“It heats up the house so quickly – the cold spots have completely gone.”

elemental contributor Peter Apps visited Clwyd Alyn housing association to find out the innovative way it is tackling energy efficiency in some of its homes.

A small estate of squat terrace houses just off the A55 on the outskirts of Conwy, north Wales, seem an unlikely destination for futuristic technology.

But that is what they have become: Clwyd Alyn, the housing association which owns the social rented units in the development, has used Welsh Government cash to try and improve the heating performance of these homes.

Previously heated by electric space heaters, they were punishingly expensive for residents to heat and not very efficient.

Clwyd Alyn has offered a series of upgrades – a fairly normal combination of loft insulation, retrofit work and solar panels with battery storage. But it is also trying something new: rather than heat pumps or gas boilers it has gone for the unusual heating solution of infrared wallpaper.

Tom Boome, head of technical, innovation and climate at the 6,000-home housing association, says he began thinking about infrared heating when he was a young man working in a factory. “They had these big infrared heaters to keep you warm on the factory floor,” he says. “So I’ve always known infrared heating can work, and we wanted to see whether it could work in people’s homes.”

Infrared heat has been around as a fringe part of the decarbonisation debate for some time. Commonly found in pub beer gardens, the technology heats objects without heating up the air in between. Like heat pumps, it is powered by electricity, so will be zero carbon if it is using renewable electricity.

In an indoor housing setting, the heat needs to be considerably lower than a pub beer garden and it doesn’t light up like the red bars which smokers cluster around. You can currently buy panels for home heating – which were used on the Zed Home project developed by house builder Barratt in Salford.


The technology Clwyd Alyn have used is different. Provided by the relatively new company NexGen, which says its aim is “to disrupt the one dimensional strategies of governments in the UK, Europe and globally to deploy heat pumps, which in some cases are proving ineffective”, it is literally roll of wallpaper fitted with nanotechnology heating strips.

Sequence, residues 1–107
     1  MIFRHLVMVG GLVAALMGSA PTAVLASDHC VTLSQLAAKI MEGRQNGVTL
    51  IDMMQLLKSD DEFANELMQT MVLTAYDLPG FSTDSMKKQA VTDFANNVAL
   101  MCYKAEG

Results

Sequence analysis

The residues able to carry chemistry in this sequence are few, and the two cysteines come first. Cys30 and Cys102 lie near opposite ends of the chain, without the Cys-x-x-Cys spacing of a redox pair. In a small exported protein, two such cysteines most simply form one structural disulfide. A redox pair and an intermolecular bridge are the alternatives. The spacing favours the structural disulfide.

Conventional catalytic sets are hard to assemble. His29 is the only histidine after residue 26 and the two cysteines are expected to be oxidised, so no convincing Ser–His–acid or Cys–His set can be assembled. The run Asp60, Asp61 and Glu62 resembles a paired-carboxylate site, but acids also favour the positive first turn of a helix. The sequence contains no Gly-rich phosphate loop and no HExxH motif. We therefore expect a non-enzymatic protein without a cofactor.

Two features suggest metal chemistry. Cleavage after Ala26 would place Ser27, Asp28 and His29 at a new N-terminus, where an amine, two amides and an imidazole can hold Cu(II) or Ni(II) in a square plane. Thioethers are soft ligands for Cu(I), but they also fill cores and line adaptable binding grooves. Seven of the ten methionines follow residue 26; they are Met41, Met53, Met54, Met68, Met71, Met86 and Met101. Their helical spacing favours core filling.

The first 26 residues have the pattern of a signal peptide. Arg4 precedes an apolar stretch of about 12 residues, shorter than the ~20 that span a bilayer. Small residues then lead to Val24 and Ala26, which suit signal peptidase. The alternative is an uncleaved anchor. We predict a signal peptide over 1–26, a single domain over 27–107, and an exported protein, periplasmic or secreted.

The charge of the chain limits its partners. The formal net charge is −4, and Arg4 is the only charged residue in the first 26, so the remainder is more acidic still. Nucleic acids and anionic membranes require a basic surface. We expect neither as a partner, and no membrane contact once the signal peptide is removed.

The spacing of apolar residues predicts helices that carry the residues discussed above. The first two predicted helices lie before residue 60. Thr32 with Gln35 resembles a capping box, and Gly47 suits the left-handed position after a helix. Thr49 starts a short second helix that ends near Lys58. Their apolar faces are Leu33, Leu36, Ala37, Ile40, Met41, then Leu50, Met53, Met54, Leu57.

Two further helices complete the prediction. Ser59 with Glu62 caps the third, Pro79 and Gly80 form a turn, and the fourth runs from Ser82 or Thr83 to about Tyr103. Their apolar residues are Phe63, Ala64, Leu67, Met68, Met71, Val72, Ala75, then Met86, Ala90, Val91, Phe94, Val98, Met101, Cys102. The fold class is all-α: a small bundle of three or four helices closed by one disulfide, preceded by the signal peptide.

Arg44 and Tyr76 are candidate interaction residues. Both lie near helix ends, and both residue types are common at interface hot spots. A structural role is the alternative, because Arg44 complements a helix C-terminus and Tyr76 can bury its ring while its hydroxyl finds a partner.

The wallpaper is applied to the ceiling, which takes away a previous major disadvantage of infrared: if blocked by furniture they are ineffective.

Clwyd Alyn ran a trial at a local pub, and residents who were impressed enough to agree to the trial had the technology installed towards the end of February.

We visit the home of Mike Evans and Trish McCarthy. The couple moved to the home just under two years ago to be closer to their grandchildren, but the heating was an immediate problem.

“I hated it,” says Trish. “It was like heating the house by burning five pound notes. And there were cold spots everywhere. We had started going to bed early because the living room was too cold.”

The couple have had the infrared wallpaper installed on their ceiling.

The contractors who fitted it (renewable energy specialists Wall Lag) had to come up with a solution to the textured Artex ceiling which would have been difficult to fit wallpaper too.

The solution was to fit it to foam boards, and then bolt these foam boards to the ceiling directly. When elemental visits it looks a bit industrial – with hanging wires, gaps between the panels and one already slipping from its place where the screw has come loose. But it is unfinished: the work is going to be tidied up, skimmed with plaster and have all the wires boxed in. Once finished, it will be invisible.